Seminar Series

ブックトークシリーズ “The Second Generation Immigrants in Japan: Cross-Ethnic Comparison of ‘Newcomer’ Children Today”

Friday, 13 January 2023 | 9:00 - 10:00 (JST)
Zoom Webinar
  • 額賀 美紗子 教授、東京大学大学院教育学研究科
  • 徳永 智子 助教授、筑波大学人間総合科学学術院
  • 白波瀬 佐和子 東京大学現代日本研究センター長

『日本社会の移民第二世代-エスニシティ間比較でとらえる「ニューカマー」の子どもたちの今』 清水睦美、児島明、角替弘規、額賀美紗子、三浦綾希子、坪田光平 著(明石書店、2021年刊行)

As Japan opened its door to overseas workers amid a declining population and labor shortage, the number of children with immigrant backgrounds has steadily increased since the 1990s, thus dismantling the country’s mono-ethnic myth. How do these second-generation immigrant children born and/or raised in Japan experience acculturation? What are their educational and occupational outcomes in the host society and how do they relate to acculturation patterns? The Second Generation Immigrants in Japan: Cross-Ethnic Comparison of “Newcomer” Children Today (published only in Japanese) offers the most comprehensive portrait to date of the second generation immigrants’ developmental pathways and adaptation outcomes in Japan. It is based on in-depth interview data from 170 youths whose parents migrated from Vietnam, Cambodia, China, Brazil, Peru, and the Philippines. From these voices, the authors provide a detailed analysis of diverging acculturation and adaptation processes within the second-generation youth in Japan, highlighting the impact of school, community, and peer-group forces that are unique to Japan, as well as transnational social spaces that the youth engage in.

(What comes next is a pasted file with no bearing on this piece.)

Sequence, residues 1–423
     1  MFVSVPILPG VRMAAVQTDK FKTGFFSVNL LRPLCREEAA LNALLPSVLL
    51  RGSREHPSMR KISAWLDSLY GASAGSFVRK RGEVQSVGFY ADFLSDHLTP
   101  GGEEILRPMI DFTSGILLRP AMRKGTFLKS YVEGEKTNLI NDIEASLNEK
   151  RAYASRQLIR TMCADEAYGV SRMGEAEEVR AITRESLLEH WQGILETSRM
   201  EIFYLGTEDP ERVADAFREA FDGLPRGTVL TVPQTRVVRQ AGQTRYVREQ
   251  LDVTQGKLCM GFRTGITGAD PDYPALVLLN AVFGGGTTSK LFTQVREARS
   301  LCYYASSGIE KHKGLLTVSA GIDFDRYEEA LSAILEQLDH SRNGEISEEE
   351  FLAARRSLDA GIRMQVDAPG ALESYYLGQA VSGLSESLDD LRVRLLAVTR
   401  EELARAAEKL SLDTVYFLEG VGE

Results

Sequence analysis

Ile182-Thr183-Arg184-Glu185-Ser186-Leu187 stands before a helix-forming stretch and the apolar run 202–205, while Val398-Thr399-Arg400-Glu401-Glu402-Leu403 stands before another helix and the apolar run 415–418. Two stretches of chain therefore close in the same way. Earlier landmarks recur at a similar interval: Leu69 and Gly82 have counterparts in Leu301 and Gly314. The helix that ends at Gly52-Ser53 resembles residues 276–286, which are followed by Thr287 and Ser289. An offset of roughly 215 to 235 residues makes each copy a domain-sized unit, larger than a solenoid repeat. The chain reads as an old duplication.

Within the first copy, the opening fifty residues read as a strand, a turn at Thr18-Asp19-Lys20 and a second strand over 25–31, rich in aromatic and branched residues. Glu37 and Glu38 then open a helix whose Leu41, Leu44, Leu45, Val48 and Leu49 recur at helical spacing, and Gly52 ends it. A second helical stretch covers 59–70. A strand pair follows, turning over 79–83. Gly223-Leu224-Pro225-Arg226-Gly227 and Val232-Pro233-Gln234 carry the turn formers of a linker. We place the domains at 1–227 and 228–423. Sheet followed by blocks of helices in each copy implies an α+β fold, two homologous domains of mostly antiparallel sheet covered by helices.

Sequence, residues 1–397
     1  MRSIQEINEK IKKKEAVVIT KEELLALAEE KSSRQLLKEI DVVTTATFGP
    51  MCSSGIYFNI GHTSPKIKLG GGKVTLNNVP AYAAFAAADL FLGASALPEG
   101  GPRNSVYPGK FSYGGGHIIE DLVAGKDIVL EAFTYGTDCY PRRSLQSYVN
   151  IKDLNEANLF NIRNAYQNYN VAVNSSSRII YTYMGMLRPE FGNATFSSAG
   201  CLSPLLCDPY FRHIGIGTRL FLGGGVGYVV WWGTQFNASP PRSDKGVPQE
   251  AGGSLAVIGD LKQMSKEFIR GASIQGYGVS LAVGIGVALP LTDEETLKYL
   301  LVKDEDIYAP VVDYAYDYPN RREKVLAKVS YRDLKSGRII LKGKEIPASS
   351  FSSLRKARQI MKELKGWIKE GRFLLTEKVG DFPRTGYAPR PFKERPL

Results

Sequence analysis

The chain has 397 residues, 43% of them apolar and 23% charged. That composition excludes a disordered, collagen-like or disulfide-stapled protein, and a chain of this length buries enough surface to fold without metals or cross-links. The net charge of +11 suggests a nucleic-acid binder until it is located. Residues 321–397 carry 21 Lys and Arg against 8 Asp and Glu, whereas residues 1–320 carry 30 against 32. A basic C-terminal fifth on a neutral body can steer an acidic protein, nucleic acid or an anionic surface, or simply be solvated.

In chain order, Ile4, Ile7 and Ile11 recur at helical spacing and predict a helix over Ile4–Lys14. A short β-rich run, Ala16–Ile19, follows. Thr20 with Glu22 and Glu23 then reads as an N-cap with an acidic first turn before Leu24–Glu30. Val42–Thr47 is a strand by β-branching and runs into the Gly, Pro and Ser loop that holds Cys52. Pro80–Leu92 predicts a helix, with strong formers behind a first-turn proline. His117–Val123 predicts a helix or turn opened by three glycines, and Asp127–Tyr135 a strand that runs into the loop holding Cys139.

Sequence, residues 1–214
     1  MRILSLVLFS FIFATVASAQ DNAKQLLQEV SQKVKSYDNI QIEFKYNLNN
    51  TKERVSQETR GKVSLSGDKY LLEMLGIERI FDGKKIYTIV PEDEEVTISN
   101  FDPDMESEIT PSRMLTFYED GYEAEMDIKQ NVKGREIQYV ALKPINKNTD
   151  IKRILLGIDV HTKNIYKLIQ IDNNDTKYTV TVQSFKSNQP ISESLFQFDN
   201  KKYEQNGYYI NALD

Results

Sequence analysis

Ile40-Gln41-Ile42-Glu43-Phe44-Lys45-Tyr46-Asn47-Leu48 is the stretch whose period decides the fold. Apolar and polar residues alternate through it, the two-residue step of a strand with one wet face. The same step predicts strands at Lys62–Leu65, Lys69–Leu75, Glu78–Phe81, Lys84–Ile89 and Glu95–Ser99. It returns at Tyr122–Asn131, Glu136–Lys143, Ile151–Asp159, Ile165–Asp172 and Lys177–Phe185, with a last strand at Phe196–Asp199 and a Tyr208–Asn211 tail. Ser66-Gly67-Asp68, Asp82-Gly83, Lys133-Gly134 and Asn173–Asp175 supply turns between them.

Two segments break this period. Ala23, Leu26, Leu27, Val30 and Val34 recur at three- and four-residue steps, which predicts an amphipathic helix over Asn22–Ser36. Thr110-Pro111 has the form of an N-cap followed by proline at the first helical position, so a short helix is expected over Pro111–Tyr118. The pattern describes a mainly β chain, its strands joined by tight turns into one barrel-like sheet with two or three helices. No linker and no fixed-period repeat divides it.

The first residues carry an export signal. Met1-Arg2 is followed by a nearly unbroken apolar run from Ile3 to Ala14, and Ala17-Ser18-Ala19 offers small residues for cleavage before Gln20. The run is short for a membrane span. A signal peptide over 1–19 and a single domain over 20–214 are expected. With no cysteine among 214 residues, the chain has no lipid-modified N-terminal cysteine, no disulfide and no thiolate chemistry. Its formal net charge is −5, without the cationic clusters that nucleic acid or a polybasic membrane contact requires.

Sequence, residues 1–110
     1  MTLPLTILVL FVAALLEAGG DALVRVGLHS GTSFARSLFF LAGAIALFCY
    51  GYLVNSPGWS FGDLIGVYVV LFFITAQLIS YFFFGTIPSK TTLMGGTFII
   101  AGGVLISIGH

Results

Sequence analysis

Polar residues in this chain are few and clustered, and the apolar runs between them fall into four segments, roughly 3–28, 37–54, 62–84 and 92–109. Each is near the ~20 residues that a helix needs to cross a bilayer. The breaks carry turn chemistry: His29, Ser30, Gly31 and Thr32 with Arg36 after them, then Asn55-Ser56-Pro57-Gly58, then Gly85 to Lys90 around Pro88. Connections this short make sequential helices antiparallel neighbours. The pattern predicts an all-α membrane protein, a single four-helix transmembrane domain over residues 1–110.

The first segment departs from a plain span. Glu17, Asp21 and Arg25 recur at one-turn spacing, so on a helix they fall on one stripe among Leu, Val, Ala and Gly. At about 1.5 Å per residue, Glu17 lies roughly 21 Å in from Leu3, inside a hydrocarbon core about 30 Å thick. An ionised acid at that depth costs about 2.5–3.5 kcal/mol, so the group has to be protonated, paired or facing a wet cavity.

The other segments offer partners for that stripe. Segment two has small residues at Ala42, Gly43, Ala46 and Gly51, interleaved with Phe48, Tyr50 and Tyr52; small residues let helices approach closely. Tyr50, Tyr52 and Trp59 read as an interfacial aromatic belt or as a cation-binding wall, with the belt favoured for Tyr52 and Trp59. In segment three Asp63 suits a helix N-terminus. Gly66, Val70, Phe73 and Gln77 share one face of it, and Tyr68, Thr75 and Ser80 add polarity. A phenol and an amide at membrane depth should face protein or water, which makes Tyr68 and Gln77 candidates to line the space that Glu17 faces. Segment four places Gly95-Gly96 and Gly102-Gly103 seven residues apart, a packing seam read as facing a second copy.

Misako Nukaga is a Professor at the Graduate School of Education at the University of Tokyo. She earned her Ph.D. in Sociology from the University of California, Los Angeles in 2009. Her research interests lie at the intersections between immigration, ethnicity, gender, and education. From a cross-national comparative perspective, she studies how children with immigrant backgrounds experience acculturation through schooling in the host society, particularly focusing on the effects of unequal structures in which they are embedded. Her recent work examines identity formation and educational achievement of second-generation immigrant youth in Japan, and considers culturally inclusive and socially just education for minority students.

Tomoko Tokunaga is an Associate Professor at the Institute of Human Sciences at the University of Tsukuba. She received her Ph.D. in Educational Leadership and Policy Studies (specialization in Sociocultural Foundations of Education) at the University of Maryland, College Park. Her research interests include the anthropology of education, immigrant education, youth studies, and participatory action research (PAR).